As we head toward the 150th anniversary of Catharine Sedgwick’s death and the 20th anniversary of the CMS Society in 2017, we invite proposals for the following panel for ALA 2017:
Session #1: TIME, MEMORIALS AND ANNIVERSARIES (3 or 4 15 to 20-minute papers):
How is “time” referenced in Catharine Maria Sedgwick’s writings? Does her sense of time seem consistent at moments with Wordsworth’s “spots of time”? Is there more that can be said about her “anachronistic imaginings,” to take a phrase from Jeffrey Insko’s 2004 essay, “Anachronistic Imaginings: Hope Leslie’s Challenge to Historicism?” What about her attention to memory, memorials, and monuments, and how space and visual culture relate to notions of time? What about anniversaries, rituals and annual or seasonal celebrations? This panel invites proposals on these and other issues related to the perception of time, the passage of time, and the celebration of times past in Sedgwick’s writings or the writings of her contemporaries.
I want to remind readers that the Catharine Maria Sedgwick Society is holding its 8th symposium in Stockbridge, Massachusetts, June 7-10, 2017, celebrating both the 150th anniversary of Sedgwick’s death and the 20th anniversary of the CMS Society. The focus for the symposium is “Where and When: Evolving Concepts of Place, Space, and Time in the Writings of Sedgwick and Her Contemporaries.” There is potential to have meaningful overlap between the May ALA panel and the June symposium. The Society asks that participants do not deliver exactly the same paper at both events but encourages work that connects papers between the different forums or initiates an ongoing conversation.
ALA will be held May 25-28, 2017 (Thursday to Sunday of Memorial Day weekend) at Westin Copley Place in Boston, MA.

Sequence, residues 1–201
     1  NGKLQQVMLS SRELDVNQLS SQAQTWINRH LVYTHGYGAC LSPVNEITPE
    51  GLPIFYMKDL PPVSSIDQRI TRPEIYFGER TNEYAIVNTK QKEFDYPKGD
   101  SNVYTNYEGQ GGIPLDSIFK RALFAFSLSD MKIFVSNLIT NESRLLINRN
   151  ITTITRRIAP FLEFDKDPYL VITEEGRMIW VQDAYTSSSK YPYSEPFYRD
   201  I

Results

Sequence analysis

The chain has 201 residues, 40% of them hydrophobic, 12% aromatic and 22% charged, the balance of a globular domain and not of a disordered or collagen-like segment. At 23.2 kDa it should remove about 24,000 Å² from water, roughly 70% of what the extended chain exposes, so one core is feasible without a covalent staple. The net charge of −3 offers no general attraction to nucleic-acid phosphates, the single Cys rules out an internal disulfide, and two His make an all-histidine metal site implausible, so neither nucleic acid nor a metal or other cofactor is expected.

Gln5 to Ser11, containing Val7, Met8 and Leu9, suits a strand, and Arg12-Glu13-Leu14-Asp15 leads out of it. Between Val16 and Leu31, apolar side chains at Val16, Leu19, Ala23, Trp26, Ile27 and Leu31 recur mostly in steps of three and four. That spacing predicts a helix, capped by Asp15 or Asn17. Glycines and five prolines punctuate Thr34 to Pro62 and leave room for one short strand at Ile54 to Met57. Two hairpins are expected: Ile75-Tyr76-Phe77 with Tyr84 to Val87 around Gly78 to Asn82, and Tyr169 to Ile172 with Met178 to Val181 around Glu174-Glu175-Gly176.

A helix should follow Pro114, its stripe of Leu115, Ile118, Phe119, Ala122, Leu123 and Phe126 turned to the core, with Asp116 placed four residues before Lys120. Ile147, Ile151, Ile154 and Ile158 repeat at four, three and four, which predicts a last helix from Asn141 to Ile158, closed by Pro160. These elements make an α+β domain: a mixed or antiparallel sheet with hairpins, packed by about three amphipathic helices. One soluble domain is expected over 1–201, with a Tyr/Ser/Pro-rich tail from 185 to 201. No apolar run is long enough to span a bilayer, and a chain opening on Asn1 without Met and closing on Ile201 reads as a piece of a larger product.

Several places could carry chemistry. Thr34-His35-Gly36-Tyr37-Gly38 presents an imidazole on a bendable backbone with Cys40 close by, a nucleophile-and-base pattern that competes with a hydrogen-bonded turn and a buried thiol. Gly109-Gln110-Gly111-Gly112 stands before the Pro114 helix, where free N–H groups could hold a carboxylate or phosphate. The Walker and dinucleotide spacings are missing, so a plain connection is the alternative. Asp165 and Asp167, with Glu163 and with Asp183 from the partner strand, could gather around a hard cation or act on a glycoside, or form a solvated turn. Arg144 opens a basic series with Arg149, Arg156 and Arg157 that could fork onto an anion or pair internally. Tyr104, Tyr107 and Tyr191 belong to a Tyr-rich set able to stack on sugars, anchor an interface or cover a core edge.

DEADLINE FOR ABSTRACTS: January 15, 2017
Please send abstracts to Lisa West, V.P. for External Conferences, CMS Society: firstname.lastname@example.org
“Transcendentalist Intersections: Literature, Philosophy, Religion”
University of Heidelberg, Germany, July 26 – 29, 2018
Sponsored by the Ralph Waldo Emerson Society, the Margaret Fuller Society, and the Anglistisches Seminar and Center for American Studies at the University of Heidelberg
At its first meeting in 1836, the Transcendental Club declared an “organ of spiritual philosophy” to be essential to the project, and, when The Dial came forth in 1840 under Margaret Fuller’s editorship, its subtitle—“Literature, Philosophy, and Religion”—was meant to convey both the breadth and depth of the movement’s aims. As Emerson introduced it, the ambitious new journal would “share [in such] impulses of the time” as “special reforms to the state,” “modifications of the various callings of men,” “opening a new scope for literature and art,” “philosophical insight,” and “the vast solitudes of prayer.”
In the spirit of The Dial, and with its subtitle too, the organizers of “Transcendentalist Intersections” invite paper proposals seeking to do justice to that breadth and depth of the movement, generously construed. For this multi-disciplinary, international conference dedicated to new scholarship on American Transcendentalism, we are particularly interested in proposals engaging literature, philosophy, and religion, and especially encourage not only literary scholars but historians, philosophers, theologians, and others to share their ideas.